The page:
YSU's plan to play them was jolted on Saturday after the Mid-American Conference (MAC) which includes Akron and Kent State became the first NCAA Division I conference to cancel fall sports. Many Division II and III conferences already have decided it's not safe to conduct sports this fall because of the pandemic.

The MAC fall sports affected are men’s and women’s cross country, field hockey, football, men’s soccer, women’s soccer and women’s volleyball. No decision has been made regarding winter sports.

“The decision is grounded in the core values of the Conference that prioritize student-athlete well-being, an area the MAC has traditionally taken a leadership role,” said MAC Commissioner Dr. Jon Steinbrecher in a news release. “Clearly, we are charting a conservative path — and it is one that has been recommended by our medical advisory group.

"I am heartbroken we are in this place."

Ron Strollo, YSU's Athletic Director, told WFMJ Channel 21 on Saturday that the Penguins, for now, intend to play the two remaining non-conference games. However, Duquesne is a member of the Northeast Athletic Conference which on July 29 postponed fall conference play. Duquesne has not announced a decision on playing non-conference games.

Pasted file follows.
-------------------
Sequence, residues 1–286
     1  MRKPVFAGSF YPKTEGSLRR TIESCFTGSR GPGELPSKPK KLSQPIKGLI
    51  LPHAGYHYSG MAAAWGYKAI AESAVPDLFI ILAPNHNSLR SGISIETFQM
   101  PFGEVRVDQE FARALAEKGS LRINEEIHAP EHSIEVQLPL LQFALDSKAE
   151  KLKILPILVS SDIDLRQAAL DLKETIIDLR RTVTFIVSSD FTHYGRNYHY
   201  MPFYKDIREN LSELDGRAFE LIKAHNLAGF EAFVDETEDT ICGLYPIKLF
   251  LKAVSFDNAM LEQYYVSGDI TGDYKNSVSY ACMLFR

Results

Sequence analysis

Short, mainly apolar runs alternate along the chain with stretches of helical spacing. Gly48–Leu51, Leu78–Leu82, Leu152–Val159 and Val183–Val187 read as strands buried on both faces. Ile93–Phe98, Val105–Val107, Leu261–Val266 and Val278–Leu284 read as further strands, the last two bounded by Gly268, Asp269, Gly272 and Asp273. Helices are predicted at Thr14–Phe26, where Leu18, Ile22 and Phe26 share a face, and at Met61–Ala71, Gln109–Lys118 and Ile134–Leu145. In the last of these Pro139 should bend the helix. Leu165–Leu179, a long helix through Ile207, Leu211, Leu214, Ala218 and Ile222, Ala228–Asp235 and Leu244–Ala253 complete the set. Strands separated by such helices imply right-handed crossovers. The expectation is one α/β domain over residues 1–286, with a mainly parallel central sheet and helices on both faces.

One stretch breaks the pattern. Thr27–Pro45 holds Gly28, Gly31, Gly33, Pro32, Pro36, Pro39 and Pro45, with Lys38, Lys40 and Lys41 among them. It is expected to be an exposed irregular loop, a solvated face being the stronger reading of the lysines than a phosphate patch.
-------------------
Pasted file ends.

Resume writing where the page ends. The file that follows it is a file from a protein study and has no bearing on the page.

Despite the pandemic, guess who's ready for some football? The Ohio High School Athletic Association, which on Friday announced a radical revised plan that includes a six-game regular season and an extremely expanded playoff season that includes every team that wants to participate.

Normally, the OHSAA postseason only has the top eight teams in each of four regions per seven divisions.

The OHSAA plan is contingent on Gov. Mike DeWine signing off on restoring contact sports in Ohio by Aug. 21.

For weeks, DeWine has been saying a decision on high school sports as well as schools reopening is coming. But on July 28 at one of DeWine's bi-weekly news conferences, the governor said there is "not enough data" available to decide if it's safe to reopen schools. On Friday, DeWine promised an announcement was planned for this week. His state updates are scheduled for Tuesday and Thursday at 2 p.m.

For now, DeWine and Lt. Gov. Jon Husted have no problem with athletes in contact sports (football and soccer) practicing. On July 31, the OHSAA announced a plan for fall sports to go forward that allows practices that began on Aug. 1 but forbids scrimmages.